Hmm, no. Nama only has to generate 30bn from selling its loan/underlying assets to breakeven against the price it paid ofr the loans. it needs to make a much smaller profit number to cover operating costs. If it did make 30bn profit then it would have recovered all the value lost when forcing the discount on the banks and that is never going to happen. I think the original estimate was a 10bn profit on the written down value of the loans but that has subsequently been re-estimated to zero.Could be worse news I suppose. But NAMA has to make about 30 billion profit if the overall figure is to break even.
From the link:Its on paper only. Use mark to market values on its rotten portfolio, the losses would be horrific.
Now, correct me if I'm wrong, but what more definitive marking to market on the properties sold than actually selling them...?The total value of Nama's loan book at the end of June was €24.8 billion. That includes €7.9 billion in cash received from debtors and generated through property sales but also takes account of the €2.9 billion writedown in the value of the loans.
So after 2 years of acquiring a property portfolio at 70% discount, it has sold less than a quarter of that portfolio and you think that they are fantastic?From the link:
Now, correct me if I'm wrong, but what more definitive marking to market on the properties sold than actually selling them...?
So after 2 years of acquiring a property portfolio at 70% discount, it has sold less than a quarter of that portfolio and you think that they are fantastic?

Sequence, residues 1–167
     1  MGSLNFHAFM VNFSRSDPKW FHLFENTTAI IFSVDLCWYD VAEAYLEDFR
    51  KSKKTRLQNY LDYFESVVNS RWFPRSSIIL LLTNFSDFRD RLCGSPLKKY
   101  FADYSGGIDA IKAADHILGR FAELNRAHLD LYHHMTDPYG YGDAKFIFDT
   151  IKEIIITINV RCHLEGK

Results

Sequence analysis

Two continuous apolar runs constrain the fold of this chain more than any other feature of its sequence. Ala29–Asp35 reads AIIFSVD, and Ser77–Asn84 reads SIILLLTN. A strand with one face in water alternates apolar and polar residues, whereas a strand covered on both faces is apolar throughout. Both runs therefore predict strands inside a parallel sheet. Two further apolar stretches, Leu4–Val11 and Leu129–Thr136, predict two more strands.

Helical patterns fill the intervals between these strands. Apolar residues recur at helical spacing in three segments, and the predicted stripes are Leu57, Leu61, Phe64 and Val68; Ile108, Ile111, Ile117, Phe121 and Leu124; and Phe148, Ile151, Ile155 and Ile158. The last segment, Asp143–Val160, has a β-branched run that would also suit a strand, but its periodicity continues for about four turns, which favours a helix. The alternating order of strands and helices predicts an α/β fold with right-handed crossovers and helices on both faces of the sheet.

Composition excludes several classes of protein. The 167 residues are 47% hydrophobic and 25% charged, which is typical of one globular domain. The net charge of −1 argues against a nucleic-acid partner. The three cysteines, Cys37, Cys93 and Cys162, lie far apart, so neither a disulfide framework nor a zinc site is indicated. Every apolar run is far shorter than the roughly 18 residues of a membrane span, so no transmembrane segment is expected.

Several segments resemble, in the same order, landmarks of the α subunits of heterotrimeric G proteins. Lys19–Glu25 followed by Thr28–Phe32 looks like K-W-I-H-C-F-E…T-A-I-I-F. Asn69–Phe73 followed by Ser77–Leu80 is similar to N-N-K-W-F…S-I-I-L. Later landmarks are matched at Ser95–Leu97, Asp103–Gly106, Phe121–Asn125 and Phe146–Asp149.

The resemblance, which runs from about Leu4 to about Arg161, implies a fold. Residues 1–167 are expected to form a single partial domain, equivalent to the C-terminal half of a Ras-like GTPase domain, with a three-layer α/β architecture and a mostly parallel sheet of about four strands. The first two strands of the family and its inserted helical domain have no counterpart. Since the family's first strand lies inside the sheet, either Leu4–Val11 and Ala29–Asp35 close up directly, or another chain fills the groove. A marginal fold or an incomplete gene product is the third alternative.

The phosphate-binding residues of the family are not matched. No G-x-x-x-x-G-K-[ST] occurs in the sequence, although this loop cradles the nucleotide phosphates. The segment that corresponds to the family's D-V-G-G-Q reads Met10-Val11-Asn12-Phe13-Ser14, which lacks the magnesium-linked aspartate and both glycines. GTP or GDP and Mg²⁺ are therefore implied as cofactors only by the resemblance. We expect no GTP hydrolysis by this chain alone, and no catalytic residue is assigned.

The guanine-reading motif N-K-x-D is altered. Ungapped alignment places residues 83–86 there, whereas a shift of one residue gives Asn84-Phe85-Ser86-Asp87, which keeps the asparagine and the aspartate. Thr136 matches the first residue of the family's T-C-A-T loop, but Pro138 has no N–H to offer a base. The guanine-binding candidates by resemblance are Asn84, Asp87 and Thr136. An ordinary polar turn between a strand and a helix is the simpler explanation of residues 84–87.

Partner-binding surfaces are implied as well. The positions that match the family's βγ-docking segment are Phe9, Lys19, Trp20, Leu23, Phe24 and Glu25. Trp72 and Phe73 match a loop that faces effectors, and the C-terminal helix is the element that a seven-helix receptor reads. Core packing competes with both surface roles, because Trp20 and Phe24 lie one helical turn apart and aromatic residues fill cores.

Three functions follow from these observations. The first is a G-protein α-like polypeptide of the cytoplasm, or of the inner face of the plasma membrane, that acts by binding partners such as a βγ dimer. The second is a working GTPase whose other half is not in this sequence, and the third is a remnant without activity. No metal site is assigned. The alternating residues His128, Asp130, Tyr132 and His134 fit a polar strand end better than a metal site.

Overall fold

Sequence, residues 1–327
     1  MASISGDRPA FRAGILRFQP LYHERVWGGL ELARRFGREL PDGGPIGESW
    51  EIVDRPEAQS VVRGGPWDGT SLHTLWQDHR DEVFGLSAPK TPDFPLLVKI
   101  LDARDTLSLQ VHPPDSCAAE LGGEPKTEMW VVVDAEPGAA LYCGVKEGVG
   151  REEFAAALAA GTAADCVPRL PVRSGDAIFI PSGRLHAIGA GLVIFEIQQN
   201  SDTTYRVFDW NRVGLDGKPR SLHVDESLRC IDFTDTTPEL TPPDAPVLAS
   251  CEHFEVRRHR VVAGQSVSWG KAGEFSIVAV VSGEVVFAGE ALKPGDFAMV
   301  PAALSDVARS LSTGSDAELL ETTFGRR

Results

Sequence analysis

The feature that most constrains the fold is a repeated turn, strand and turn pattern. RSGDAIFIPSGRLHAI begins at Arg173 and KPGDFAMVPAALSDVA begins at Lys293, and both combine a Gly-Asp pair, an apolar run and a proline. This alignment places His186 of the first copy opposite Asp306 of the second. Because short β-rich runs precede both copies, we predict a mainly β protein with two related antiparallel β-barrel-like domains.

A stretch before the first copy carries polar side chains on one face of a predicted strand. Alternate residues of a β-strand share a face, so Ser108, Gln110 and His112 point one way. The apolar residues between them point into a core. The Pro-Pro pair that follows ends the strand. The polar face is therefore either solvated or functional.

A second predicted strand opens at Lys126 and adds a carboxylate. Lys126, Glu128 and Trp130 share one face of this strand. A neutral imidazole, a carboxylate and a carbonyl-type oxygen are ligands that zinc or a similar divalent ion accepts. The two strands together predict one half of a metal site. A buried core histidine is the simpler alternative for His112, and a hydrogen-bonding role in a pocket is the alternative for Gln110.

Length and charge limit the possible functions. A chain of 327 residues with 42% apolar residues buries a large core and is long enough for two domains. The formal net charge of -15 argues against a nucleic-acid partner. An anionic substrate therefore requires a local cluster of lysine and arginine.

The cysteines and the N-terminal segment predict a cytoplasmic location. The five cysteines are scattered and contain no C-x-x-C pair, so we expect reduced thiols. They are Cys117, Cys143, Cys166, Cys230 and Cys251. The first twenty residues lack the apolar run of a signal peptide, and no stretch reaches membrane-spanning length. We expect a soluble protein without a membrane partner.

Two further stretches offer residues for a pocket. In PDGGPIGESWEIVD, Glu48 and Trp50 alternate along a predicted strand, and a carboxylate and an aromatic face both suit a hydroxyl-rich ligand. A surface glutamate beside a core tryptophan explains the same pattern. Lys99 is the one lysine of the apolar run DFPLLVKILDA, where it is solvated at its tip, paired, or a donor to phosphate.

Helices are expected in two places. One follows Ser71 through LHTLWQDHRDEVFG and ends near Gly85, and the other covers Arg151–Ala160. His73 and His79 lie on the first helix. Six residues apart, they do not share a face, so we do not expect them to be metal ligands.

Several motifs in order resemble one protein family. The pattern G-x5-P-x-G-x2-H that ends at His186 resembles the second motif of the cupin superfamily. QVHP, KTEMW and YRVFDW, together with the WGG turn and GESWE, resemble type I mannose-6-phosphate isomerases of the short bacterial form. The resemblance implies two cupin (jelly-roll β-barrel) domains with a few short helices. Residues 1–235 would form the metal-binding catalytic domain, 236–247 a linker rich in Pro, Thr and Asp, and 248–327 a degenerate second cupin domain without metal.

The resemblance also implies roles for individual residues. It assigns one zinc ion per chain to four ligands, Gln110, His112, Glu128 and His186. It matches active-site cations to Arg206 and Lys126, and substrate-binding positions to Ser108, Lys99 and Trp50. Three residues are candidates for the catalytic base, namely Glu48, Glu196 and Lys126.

What remains in the rest of the 75%? Does it tally with real property or is it infested with multiple mortgages scams? If you were to put its entire property portfolio up on e-bay today, would your beloved NAMA still be profitable?
BTW - The original portfolio was 31.5 Billion. That 7.9 Billion is not included in the 24.8 Billion current balance. Please do try to source the original report before adapting the pretense of knowledge.
Not alone that, but there is also a bit of a rush for the good stuff as the insiders get to know of what's on offer at knock down prices, further skewing the pace of disposal of the overall package.Indeed and like anything all the pretty good stuff sells off first and the rubbish will be hard to sell down the line
If you mean by not dumping its entire portfolio on the market right now and 'lettign the market do its job' then yes. But to subscribe to that theory you have to be mad.Isn't NAMA pretty much just propping up useless property value at an artificial level though?
The biggest problem with NAMA was that it was designed to do one thing, then in the length of time it took to set up it was tasked with a totally different job with a far bigger scope.I wouldn't have that was ever going to be particularly useful for the citizens of Ireland.
Nama's justification for that is that it's "protecting" Irish assets from foreign asset strippers with deep pockets, so that when property values recover all the profit won't go abroad.Isn't NAMA pretty much just propping up useless property value at an artificial level though?
I wouldn't have that was ever going to be particularly useful for the citizens of Ireland.